In the 2005 lecture 6
Alain Connes points out that although his framework predicts physical couplings that match $SU(5)$ unification, it achieves this without the addition of extra fields or supersymmetry arguments. Towards the end of the lecture he summarises the situation: the problem is to combine (1) the renormalisation theory (Hopf algebras, motivic Galois group) and (2) the geometric setup from NCG operator theory, in such a way that running geometries
(on different scales) are possible. Connes proposes a functional integral over geometries which is spectral in nature, and in fact looks like a matrix model
. The question is, what sort of constraints should be applied to geometries? It is made clear that this is a challenge to physicists: his spectral action principle is a statement about the nature of observables, but insufficient in itself to guide, as Connes puts it, the merging of motives and NCG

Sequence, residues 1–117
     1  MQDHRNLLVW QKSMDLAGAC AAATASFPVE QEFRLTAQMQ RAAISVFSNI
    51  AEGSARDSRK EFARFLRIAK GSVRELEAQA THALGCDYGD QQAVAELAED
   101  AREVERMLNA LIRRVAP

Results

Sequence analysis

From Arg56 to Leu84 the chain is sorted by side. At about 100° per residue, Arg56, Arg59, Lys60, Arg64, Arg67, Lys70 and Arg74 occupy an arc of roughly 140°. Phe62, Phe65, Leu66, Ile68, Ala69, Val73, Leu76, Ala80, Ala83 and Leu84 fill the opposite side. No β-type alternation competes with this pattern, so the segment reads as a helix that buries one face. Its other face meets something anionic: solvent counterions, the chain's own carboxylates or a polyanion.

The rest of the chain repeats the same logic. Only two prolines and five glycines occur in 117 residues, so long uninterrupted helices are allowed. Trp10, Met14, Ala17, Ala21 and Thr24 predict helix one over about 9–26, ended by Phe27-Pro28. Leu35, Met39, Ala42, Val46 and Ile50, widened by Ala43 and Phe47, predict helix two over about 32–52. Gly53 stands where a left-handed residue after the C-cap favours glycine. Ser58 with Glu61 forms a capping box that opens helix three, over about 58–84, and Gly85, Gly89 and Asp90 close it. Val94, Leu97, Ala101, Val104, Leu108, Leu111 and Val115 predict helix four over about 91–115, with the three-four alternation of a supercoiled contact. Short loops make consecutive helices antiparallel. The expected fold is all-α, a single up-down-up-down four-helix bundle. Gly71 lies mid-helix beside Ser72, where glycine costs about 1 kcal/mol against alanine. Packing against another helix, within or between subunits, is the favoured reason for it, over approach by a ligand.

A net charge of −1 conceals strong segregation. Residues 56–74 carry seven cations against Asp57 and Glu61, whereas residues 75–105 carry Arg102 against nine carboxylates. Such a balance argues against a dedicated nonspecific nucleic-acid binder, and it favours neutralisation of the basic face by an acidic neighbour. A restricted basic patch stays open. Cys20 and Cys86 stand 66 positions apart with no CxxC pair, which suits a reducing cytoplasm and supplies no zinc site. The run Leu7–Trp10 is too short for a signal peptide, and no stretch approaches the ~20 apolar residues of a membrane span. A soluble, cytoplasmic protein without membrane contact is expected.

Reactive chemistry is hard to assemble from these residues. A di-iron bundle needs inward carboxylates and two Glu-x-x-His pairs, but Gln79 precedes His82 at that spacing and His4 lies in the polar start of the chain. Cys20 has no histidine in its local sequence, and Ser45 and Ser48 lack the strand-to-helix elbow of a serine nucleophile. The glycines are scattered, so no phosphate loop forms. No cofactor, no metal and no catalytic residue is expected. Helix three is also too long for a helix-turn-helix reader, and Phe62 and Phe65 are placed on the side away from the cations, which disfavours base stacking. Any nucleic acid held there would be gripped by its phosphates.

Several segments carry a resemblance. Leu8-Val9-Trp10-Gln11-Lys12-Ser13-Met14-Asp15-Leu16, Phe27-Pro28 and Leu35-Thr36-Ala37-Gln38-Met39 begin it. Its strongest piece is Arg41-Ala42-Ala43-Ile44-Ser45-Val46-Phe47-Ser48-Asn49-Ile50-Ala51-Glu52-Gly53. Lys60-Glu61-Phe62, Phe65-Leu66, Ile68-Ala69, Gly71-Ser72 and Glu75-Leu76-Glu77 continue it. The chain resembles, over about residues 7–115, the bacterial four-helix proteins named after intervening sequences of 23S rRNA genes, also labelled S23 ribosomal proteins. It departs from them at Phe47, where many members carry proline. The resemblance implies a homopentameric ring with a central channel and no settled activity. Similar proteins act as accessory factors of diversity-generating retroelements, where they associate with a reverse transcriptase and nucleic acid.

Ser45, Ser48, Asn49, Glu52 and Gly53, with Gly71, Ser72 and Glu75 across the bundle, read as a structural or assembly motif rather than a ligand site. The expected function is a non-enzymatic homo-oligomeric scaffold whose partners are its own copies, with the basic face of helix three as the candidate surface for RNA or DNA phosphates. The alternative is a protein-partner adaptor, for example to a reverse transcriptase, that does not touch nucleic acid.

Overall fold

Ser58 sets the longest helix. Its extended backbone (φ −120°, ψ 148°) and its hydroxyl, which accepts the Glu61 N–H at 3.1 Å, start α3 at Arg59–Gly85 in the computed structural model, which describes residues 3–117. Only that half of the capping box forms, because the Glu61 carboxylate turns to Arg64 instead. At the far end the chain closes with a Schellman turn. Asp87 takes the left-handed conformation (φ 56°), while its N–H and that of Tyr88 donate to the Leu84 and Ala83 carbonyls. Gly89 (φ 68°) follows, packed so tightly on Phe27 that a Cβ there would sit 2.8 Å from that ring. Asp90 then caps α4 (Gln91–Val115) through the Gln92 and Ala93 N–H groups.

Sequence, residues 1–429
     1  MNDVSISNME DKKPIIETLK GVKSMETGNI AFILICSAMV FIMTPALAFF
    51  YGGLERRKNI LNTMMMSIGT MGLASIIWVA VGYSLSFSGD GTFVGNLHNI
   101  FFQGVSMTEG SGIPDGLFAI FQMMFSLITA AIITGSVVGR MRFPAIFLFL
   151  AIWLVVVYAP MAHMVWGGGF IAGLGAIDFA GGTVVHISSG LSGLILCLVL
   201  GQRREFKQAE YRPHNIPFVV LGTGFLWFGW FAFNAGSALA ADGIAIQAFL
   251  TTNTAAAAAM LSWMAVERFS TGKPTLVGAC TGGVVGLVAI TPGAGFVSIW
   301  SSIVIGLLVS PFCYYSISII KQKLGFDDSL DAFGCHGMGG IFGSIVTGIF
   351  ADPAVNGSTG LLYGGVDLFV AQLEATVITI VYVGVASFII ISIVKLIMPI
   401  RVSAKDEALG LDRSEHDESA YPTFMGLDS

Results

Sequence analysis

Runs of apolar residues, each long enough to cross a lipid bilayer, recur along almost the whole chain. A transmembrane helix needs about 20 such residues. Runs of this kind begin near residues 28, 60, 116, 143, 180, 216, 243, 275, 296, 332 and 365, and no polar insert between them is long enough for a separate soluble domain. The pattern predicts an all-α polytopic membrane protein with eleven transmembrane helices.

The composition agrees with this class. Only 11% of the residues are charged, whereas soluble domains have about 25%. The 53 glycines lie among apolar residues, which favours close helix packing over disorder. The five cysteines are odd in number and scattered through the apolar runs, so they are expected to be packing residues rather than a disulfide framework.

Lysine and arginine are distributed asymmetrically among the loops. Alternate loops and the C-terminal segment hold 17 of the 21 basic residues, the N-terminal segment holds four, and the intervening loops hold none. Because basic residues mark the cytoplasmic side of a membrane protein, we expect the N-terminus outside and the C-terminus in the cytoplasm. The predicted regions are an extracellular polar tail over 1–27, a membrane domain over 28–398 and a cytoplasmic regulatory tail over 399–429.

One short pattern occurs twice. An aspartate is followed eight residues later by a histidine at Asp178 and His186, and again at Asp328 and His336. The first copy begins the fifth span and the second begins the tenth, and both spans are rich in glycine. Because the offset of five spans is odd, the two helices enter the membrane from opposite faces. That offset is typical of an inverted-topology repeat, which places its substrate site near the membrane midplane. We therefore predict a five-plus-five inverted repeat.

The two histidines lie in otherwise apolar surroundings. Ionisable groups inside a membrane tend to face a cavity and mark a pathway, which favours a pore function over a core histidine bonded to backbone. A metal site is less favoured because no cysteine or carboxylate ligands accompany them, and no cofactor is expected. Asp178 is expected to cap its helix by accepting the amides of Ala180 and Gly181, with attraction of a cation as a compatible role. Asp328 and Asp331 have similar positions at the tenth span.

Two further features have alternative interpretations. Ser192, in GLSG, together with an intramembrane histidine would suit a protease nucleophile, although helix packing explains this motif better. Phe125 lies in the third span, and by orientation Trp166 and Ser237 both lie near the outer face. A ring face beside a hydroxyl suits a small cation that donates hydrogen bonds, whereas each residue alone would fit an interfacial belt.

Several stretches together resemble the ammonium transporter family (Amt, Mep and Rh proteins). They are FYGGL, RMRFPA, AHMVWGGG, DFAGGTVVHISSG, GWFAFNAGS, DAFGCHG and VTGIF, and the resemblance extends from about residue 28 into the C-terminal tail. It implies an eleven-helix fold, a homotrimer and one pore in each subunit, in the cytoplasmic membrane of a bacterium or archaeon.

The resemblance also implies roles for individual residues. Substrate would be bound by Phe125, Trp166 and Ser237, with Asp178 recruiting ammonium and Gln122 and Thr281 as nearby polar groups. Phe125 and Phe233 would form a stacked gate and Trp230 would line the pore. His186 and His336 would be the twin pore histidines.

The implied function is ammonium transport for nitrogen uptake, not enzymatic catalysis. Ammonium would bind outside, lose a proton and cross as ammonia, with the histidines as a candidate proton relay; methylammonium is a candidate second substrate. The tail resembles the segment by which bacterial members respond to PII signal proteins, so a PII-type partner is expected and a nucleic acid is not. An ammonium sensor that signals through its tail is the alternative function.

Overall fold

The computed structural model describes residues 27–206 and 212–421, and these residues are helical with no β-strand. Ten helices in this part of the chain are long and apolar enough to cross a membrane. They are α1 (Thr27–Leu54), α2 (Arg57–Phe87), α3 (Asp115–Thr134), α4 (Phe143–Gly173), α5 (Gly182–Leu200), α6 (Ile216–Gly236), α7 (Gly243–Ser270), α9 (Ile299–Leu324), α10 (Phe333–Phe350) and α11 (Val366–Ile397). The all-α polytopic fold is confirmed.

These lectures are highly recommended to physicists. Don't expect to understand all the mathematical gobbledygook, but try to take in the big picture, which is fantastically conveyed. Note that more recent work
removes much of the arbitrariness of the original NCG formulation of the SM, but still puts the number of generations in by hand.